Building A Hydraulic Lego Excavator Using Standard Pneumatic Cylinders

Everyone already knows that Lego Technic is pretty rad when it comes to existing, pre-made kits, but there’s also quite a bit of hacking potential left. One such area is the lack of hydraulics in Lego Technic, an egregious oversight that [Brick Technology] simply had to correct. His effort results in a partially hydraulic, fully remote-controlled excavator. Rather than a traditional gear hydraulic pump as you’d expect in a real-life excavator, a custom peristaltic pump is used to move the fluid to the hydraulic cylinders (rams for our British and Oceanic friends).

The undercarriage is (sadly) purely electrical, with a slip-ring providing power to the electric final drives in the tracks, enabling it to spin around endlessly without limitations. Where the hydraulics come into play is in the excavator’s arm, with two hydraulic lift cylinders on the boom, one cylinder to control the stick, and a final cylinder to control the bucket. Rather than a hydraulic switch, the setup is simplified by using a single peristaltic pump per cylinder circuit.

Remote control and power are provided using the rather chonky BuWizz 3.0 Pro, which offers a wireless control link (here controlled using BrickController 2 on Android). Although original Lego cylinders were used, these are only intended for pneumatics, where it’s hoped that the used mixture of water and windscreen wiper fluid will prevent corrosion.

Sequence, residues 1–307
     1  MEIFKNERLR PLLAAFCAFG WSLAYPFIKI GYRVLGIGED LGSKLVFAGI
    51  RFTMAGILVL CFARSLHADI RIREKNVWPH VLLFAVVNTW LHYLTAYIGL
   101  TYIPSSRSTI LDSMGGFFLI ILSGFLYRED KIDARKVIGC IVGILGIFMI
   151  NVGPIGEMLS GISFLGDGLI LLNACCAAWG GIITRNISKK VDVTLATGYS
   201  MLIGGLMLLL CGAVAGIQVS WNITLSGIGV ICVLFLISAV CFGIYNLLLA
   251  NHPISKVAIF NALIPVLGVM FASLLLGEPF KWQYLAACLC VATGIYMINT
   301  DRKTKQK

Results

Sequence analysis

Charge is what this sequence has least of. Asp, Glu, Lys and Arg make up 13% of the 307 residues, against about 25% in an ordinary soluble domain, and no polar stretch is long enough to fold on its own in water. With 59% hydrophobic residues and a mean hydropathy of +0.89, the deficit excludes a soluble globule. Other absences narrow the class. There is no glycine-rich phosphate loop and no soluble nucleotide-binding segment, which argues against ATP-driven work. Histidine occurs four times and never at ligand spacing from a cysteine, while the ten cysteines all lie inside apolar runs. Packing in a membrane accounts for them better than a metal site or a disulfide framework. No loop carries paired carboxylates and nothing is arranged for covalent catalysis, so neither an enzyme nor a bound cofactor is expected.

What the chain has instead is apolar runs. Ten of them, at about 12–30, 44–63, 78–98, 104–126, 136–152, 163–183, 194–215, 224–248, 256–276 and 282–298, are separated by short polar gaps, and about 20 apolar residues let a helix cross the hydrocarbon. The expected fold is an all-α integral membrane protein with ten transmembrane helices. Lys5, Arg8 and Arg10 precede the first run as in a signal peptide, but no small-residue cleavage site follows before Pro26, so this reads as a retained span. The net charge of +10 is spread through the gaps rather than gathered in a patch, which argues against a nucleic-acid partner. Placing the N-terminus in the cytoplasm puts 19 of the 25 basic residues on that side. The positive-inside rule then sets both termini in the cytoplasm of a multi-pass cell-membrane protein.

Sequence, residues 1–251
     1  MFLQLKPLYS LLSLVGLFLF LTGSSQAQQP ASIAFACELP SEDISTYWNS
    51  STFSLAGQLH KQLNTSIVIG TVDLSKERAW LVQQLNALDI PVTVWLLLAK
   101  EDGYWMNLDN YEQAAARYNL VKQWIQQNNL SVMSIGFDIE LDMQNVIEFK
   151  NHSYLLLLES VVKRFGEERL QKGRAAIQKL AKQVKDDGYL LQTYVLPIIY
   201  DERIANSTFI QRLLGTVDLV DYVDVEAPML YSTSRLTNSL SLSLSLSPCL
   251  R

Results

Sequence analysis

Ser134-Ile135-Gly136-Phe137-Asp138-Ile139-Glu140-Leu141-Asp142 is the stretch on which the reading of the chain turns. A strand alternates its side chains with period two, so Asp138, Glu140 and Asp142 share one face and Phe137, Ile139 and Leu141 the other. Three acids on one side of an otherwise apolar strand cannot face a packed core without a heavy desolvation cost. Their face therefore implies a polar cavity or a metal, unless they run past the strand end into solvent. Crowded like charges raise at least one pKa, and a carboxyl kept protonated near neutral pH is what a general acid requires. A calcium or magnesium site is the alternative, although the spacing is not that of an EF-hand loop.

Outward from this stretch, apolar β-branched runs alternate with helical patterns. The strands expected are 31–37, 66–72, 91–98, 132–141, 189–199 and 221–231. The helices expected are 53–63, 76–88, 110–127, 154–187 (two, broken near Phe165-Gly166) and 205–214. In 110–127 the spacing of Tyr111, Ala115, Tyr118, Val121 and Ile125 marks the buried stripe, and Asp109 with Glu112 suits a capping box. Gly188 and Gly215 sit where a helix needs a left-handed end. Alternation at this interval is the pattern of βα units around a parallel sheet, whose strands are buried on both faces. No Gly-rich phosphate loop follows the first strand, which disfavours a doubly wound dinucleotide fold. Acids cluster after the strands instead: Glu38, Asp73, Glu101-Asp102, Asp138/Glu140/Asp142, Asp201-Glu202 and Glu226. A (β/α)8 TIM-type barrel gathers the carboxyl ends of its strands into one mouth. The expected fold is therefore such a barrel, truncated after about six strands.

(Thanks to [Keith Olson] for the tip)

12 thoughts on “Building A Hydraulic Lego Excavator Using Standard Pneumatic Cylinders

      1. And if anyone actually looked at the link they’d be able to read:

        The Hydraulic cylinders are actually Lego pneumatic cylinders. They are not intended to be used with water as the metal parts could corrode. To avoid this, I used a mixture of windscreen wiper fluid and water. The system requires some air, as the 2 cylinder chambers are different in size and therefore require a different amount of water. Each pump powers its own independent circuit and, respectively, 1 excavator arm joint.

        1. What’s your point? We all know Lego has pneumatics. They’ve had them for a LONG time. The video creator is using water instead of air which makes it a hydraulic system not a pneumatic one.

        2. i did something similar a long time ago. i had just got the 8868-1 claw rig. which had an electric compressor. since neither the switches nor the pistons had an outlet. using the parts i built a compressor and submerged the pump in a bowl of water, with the motor above connected by a shaft to “keep it dry”. the valves were in a control box of sorts, eternal, because they spew out water when used, thing made a mess.

          ended up rusting a couple pistons and the motor contacts.. managed to restore the pistons with some scotch bright and metal polish, and gave them a re-lube. i still have them, used when i was doing lpes a few years ago. a good practice would be to re-lube them for storage, as you probibly have washed away the silicone grease they use with repeated cycling.

    1. I had the 8851. It sucked. Figuratively and literally.

      There was a build option to add the lego motor to make a compressor. It really didn’t help.
      That’s why lego revised the pneumatics to a dual action cylinder.

  1. Windscreen wiper fluid does not contain corrosion inhibitors, radiator antifreeze would do this. But are the metal parts of the cyclinders really made of corrosion sensitive metal?
    There are nice gear pumps which provide a few bar of pressure with 4 to 8V battery voltage on Aliexpress. I used one for a pressure sprayer. Probably more durable than a peristaltic pump.

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